NCSC invites you to a cyber chatThe National Cyber Security Centre (NCSC) wants to start a cyber chat with people before they go shopping online this weekend. Brits are likely to spend over £3.5 billion in the next few days as they seek bargains online. The NCSC hopes its cyber chat will help reduce the risk of shoppers falling prey to Black Friday scams.

The cyber chat will take place on the NCSC Twitter feed (@NCSC). People are invited to submit their questions about cyber security. These will be answered by a number of VIPs that the NCSC is inviting to participate.

This is not just about Black Friday. The NCSC is also warning that from now until the end of the January sales, cyber criminals will be actively targeting shoppers and retailers.

Dr Ian Levy, Technical Director, NCSC
Dr Ian Levy, Technical Director, NCSC

Dr Ian Levy, the NCSC’s Technical Director, said: “We know that cyber security can seem like a daunting subject, but sharing knowledge today will protect your loved ones tomorrow. Staying safe online doesn’t require deep technical knowledge, and we want the whole country to know that the NCSC speaks the same language as them.

“It’s vital that knowledge is shared, and that’s why we’re encouraging everybody to have a cyber chat. With so many of the UK shopping online, we want to see these tips shared from classrooms and scout groups to family dinner tables and old people’s homes.”

Seven tips from the NCSC

The NCSC has also issued seven tips to help keep online shoppers safe. They are:

  1. Stay up to date: Install the latest software and app updates
  2. Secure your important accounts: Secure your important accounts, by having a strong and separate password on your email; turning on 2 Factor Authentication; and using a password manager.
  3. Shop smart: Don’t click on links in emails and text messages – if you see a deal that seems too good to be true, it probably is. Don’t be pressured into taking a fantastic deal without thinking it through. There’s probably a reason why it’s so much cheaper than other websites. Don’t follow a link in an email, instead type the shop’s website address manually into your address bar or find the website through your search engine (e.g. Google, Bing). Shop on sites that you trust.
  4. Avoid oversharing: Don’t give away too much information at the checkout – no one need’s to know your mother’s maiden name or inside leg measurement! Only fill in the mandatory details (usually marked with an asterisk*) when making a purchase. If you can avoid it, don’t create an account on a new site unless you’re going to use that site a lot in the future.
  5. Don’t panic: Don’t panic if you think you’ve been a victim of fraud
  6. Review accounts: Keep an eye on your bank and credit card systems
  7. Secure your gadgets: Secure any smart gadget’s you’ve bought

Retailers need to do their bit

While the emphasis here is on helping shoppers stay safe, retailers also need to take more responsibility. The use of third party services has led to several online breaches recently. In all cases, the cyber criminals got away with personal and payment card data. This leaves shoppers heavily exposed to attack. Retailers such as British Airways, Ticketmaster and, just this week, Vision Direct and Amazon have all been affected.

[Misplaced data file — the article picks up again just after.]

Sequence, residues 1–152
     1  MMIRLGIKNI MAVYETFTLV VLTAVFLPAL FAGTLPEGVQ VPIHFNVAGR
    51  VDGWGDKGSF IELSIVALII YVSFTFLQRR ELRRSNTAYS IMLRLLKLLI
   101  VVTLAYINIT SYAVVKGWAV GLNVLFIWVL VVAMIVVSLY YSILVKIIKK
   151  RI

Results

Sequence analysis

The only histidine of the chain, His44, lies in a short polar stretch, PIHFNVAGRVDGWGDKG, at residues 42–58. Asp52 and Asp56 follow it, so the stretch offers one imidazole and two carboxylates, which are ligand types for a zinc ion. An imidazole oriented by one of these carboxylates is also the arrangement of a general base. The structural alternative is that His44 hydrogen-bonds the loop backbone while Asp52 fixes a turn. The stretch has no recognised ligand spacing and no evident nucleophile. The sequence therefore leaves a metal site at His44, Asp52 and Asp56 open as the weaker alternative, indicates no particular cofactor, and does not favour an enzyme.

As shoppers hit stores looking to save anything they can, many will rely on the security of the websites that they connect to. Even paying attention to the padlock at the top of the page or making sure it is HTTPS, does not protect data. Three weeks ago, Sectigo called out Google for weakening online protection for users.

All of this strengthens the case for the NCSC advice to shoppers. We will not get through the next four days without a retailer suffering a data outage or data breach. Between now and the end of the January sales, expect several breaches to become public knowledge. While a breach causes some problems for retailers, those suffering high-profile breaches have shown that they are not as business threatening as often thought.

What does this mean

Shopping online can be a minefield at the best of times. Fake sites, sites with very similar names but different extensions, phishing, unicode enabling site impersonation – these are all issues users have to deal with on the Internet every day. Once you combine that with the urge to bag a bargain, common sense often goes out the window.

It is not just about a user having their card details stolen and cloned. Many users reuse their online credentials. Using the same username and recycling passwords means that every time data is stolen, the risk to other sites that they frequent increases.

The recycling of passwords between consumer accounts and business accounts is a major problem for IT security teams. Over the next two months, IT security teams will need to be on their game to spot the use of stolen credentials.

One thing that companies could and should do is follow the example of the NCSC. Allow users to report when their personal credentials have been compromised. They could offer help with security scans of devices and how to setup fraud protection. It would also allow them to ensure users change their business passwords as well.

Well done to the NCSC for this cyber chat. It will be interesting to see what people ask.


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